Monday, October 20, 2008

The Big Government that Wouldn't

In her "Diary of a Mad Law Professor" column for the November 3 issue of The Nation, Patricia J. Williams decided it was time to remember a few things about Eliot Spitzer other than the sex scandal that forced him to resign. Come to think about it, her column is not just about Spitzer; and also about the whole damned (and far more scandalous) Bush Administration. Here is the way she tells the story:

Some three weeks before New York Governor Eliot Spitzer was forced to resign his office in disgrace (sex! scandal! floozies!), he published an op-ed in the Washington Post. Titled "Predatory Lenders' Partner in Crime: How the Bush Administration Stopped the States From Stepping In to Help Consumers," the piece expressed Spitzer's concern that for several years there had been a marked increase in predatory lending practices, including distortion of terms, surprise balloon payments, hidden fees and deceptive "teaser" rates. These practices, he wrote, were having a "devastating effect on home buyers." In addition, the sheer number of such transactions, "if left unchecked, threaten...our financial markets." To those in the know (OK, those few egghead "elites" not enthralled by the birth of the Brangelina twins), the situation loomed so egregious that the attorneys general of all fifty states, both Democrats and Republicans, lodged suits against the worst predatory subprime lenders. A number of states, including New York, passed laws to rein in such practices.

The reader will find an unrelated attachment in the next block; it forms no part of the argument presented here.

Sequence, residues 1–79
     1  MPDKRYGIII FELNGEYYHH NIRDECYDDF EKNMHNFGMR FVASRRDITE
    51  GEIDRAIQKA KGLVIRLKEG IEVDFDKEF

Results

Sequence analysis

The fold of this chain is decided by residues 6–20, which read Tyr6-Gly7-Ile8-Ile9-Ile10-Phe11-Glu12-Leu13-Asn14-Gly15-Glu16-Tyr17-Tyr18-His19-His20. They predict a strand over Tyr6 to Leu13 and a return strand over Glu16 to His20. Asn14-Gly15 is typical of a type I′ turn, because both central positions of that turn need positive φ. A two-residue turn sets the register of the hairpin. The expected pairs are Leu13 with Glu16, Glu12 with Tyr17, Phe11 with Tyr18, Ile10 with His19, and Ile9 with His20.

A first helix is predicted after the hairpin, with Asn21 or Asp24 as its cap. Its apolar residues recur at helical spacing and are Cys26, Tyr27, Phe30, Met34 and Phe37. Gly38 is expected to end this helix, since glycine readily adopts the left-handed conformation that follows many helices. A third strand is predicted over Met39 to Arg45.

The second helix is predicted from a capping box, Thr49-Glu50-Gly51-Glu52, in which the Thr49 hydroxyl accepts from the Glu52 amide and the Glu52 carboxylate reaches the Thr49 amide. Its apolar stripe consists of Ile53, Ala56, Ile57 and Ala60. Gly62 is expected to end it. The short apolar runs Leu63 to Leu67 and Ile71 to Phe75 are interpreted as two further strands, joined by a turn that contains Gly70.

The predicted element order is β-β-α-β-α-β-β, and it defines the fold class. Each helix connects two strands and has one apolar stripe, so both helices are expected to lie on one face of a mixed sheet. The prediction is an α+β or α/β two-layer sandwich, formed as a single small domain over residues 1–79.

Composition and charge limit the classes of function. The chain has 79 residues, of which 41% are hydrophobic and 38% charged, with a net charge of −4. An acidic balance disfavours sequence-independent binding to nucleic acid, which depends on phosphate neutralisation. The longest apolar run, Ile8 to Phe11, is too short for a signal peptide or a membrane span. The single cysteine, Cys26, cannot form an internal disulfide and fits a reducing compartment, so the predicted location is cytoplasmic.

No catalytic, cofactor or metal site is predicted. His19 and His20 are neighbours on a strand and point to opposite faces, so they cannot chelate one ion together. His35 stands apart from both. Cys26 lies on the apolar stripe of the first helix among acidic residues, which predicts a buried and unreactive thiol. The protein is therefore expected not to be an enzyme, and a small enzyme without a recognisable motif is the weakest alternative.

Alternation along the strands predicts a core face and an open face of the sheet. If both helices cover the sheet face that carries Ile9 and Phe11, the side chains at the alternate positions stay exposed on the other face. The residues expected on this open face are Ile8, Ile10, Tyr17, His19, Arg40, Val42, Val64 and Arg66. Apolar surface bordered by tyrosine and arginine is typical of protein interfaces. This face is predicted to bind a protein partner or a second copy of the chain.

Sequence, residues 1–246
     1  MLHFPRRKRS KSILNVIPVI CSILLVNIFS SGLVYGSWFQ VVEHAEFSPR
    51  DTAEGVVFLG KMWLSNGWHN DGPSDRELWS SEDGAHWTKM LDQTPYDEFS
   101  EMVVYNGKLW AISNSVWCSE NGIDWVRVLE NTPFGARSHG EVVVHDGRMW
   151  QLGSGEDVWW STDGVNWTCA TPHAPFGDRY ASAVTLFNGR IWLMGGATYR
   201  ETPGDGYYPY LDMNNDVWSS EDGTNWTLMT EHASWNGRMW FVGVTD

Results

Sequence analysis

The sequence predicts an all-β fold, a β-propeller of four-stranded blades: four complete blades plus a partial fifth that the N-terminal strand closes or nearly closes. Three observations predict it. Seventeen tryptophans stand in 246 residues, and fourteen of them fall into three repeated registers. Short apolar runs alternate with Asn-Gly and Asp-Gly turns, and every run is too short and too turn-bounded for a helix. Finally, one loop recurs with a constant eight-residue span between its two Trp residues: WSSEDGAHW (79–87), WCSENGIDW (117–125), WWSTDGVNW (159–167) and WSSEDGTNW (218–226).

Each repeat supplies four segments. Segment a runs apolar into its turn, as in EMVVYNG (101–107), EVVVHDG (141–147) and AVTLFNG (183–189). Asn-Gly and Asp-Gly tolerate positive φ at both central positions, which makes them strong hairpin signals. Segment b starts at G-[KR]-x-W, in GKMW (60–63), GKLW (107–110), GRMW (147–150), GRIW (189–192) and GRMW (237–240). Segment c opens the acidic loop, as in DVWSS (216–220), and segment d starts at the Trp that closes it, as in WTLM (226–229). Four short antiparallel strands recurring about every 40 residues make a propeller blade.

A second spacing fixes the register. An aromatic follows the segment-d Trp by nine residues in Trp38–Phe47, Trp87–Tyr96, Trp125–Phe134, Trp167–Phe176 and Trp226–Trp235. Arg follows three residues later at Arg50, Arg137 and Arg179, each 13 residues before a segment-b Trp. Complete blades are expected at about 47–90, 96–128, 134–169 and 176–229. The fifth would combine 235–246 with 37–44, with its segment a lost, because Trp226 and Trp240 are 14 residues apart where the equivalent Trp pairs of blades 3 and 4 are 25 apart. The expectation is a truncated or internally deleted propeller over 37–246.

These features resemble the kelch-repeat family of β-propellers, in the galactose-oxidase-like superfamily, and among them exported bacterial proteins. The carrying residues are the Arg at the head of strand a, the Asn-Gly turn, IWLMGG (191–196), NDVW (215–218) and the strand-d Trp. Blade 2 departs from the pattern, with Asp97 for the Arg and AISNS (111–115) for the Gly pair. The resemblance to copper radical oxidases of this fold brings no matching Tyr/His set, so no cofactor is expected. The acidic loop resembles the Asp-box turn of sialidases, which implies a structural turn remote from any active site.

The response was shocking, and not nearly wellpublicized enough: the Bush administration employed a little-used 1863 law to annul all state antipredatory-lending laws and, if that wasn't enough, to block states from enforcing their own consumer protection laws in suits against national banks. Thus, when Spitzer tried to open an investigation into discriminatory mortgage lending in New York, the administration actually filed a federal lawsuit to block it. These interventions were so extreme and so unprecedented that the attorneys general and the banking superintendents of all fifty states came together to oppose the rulings unanimously. But to no avail.

It is worth quoting the last paragraph of Spitzer's op-ed in its entirety: "When history tells the story of the subprime lending crisis and recounts its devastating effects on the lives of so many innocent homeowners, the Bush administration will not be judged favorably. The tale is still unfolding, but when the dust settles, it will be judged as a willing accomplice to the lenders who went to any lengths in their quest for profits. So willing, in fact, that it used the power of the federal government in an unprecedented assault on state legislatures, as well as on state attorneys general and anyone else on the side of consumers."